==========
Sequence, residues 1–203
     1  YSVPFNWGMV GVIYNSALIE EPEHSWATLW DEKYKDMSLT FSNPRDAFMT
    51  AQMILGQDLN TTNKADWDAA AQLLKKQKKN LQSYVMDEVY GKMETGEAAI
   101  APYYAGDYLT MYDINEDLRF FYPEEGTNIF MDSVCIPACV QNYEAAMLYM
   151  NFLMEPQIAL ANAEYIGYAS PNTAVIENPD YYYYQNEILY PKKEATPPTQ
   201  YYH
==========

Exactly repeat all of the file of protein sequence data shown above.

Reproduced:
Sequence, residues 1–203
     1  YSVPFNWGMV GVIYNSALIE EPEHSWATLW DEKYKDMSLT FSNPRDAFMT
    51  AQMILGQDLN TTNKADWDAA AQLLKKQKKN LQSYVMDEVY GKMETGEAAI
   101  APYYAGDYLT MYDINEDLRF FYPEEGTNIF MDSVCIPACV QNYEAAMLYM
   151  NFLMEPQIAL ANAEYIGYAS PNTAVIENPD YYYYQNEILY PKKEATPPTQ
   201  YYH